Fans Are Suing Madonna for Showing Up Late to Her Brooklyn Concerts
Fashionably late? Or "flippant difficulty"? Fans are claiming the latter in a new class action lawsuit.
On Wednesday, two attendees of Madonna’s Celebration Tour filed a class-action lawsuit against the singer for taking the stage two hours later than advertised. In the filing, Michael Fellows and Jonathan Hadden claim Madonna’s “flippant difficulty” caused them to suffer a series of inconveniences in the wee hours of the morning that included being “confronted with limited public transportation, limited ride-sharing, and/or increased public and private transportation costs at that late hour.”
Now, before you can take umbrage with these two for being so hung up on the tardiness of an international superstar, pop culture icon, and—least of all—woman who’s notorious for being late to her own shows, I encourage some empathy. Anyone who’s ever attended a concert in New York City has suffered some degree of PTSD from the logistics alone. So, yeah, trying to find a way back two hours later than anticipated would suck.
The concerts at the center of the controversial suit occurred on December 13, 14, and 16 (a Monday, Tuesday, and Thursday) at Brooklyn’s Barclays Center—all of which were publicized as beginning at 8:30 p.m. Fellows and Hadden’s suit accuses Madonna of false advertising and negligent misrepresentation as she didn’t start the show until after 10:30 p.m. on all three nights.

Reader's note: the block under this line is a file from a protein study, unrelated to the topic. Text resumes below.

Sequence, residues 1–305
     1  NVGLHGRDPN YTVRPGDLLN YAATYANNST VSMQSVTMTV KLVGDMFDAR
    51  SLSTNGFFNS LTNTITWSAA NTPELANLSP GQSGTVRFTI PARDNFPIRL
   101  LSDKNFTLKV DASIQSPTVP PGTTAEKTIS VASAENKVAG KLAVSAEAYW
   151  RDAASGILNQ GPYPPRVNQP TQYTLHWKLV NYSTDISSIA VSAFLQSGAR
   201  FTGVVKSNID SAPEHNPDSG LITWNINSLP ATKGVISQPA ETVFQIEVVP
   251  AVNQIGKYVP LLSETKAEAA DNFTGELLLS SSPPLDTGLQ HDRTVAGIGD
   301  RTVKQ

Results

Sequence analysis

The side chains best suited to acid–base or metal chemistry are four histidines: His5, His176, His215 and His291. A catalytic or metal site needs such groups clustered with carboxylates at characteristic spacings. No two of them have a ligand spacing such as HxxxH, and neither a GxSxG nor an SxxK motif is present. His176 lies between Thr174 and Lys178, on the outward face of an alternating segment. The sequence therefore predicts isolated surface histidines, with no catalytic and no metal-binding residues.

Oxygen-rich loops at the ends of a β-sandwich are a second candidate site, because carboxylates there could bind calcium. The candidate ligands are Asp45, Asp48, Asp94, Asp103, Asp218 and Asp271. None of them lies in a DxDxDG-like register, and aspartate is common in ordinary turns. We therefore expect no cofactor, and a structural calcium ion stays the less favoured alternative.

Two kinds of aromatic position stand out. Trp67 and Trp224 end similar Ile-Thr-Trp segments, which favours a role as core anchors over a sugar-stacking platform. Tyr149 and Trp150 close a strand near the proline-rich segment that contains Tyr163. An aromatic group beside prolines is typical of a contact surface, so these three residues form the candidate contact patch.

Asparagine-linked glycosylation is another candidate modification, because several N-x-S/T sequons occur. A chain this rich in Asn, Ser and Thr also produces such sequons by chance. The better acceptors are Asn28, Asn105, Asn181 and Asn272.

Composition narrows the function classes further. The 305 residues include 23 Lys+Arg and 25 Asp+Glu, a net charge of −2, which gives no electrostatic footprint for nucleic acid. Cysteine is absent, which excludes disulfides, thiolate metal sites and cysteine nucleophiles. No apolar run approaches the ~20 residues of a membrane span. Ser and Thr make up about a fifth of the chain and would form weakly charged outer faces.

“In addition, many ticketholders who attended concerts on a weeknight had to get up early to go to work and/or take care of their family responsibilities the next day,” the filing states. Again, I can’t argue with this. Some of us with very important jobs—a blogger, for instance—can’t just call in sick. And besides, if I’m spending at least $100 to see a show that spans multiple hours during the work week, it better start in time for me not to have to pee more than once before the lights even dim.
Also named as a defendant in the suit are Live Nation Worldwide, Inc., Live Nation M Tours, and Brooklyn Events Center, LLC. An undisclosed amount in damages will reportedly be determined at a trial.
Madonna—as it’s been well-documented—has been through a lot this year. The tour itself was delayed after she was found unresponsive in July 2023. According to an update shared on Instagram via her manager, Guy Oseary, she’d “developed a serious bacterial infection which led to a several-day stay in the ICU.” By October, Madonna had returned to the stage at London’s O2 arena for the first show of the postponed tour.
Considering each show surpasses two hours and boasts multiple costume changes and a 30-song setlist, should she be allowed to be tardy for her own celebration? I guess we’ll see!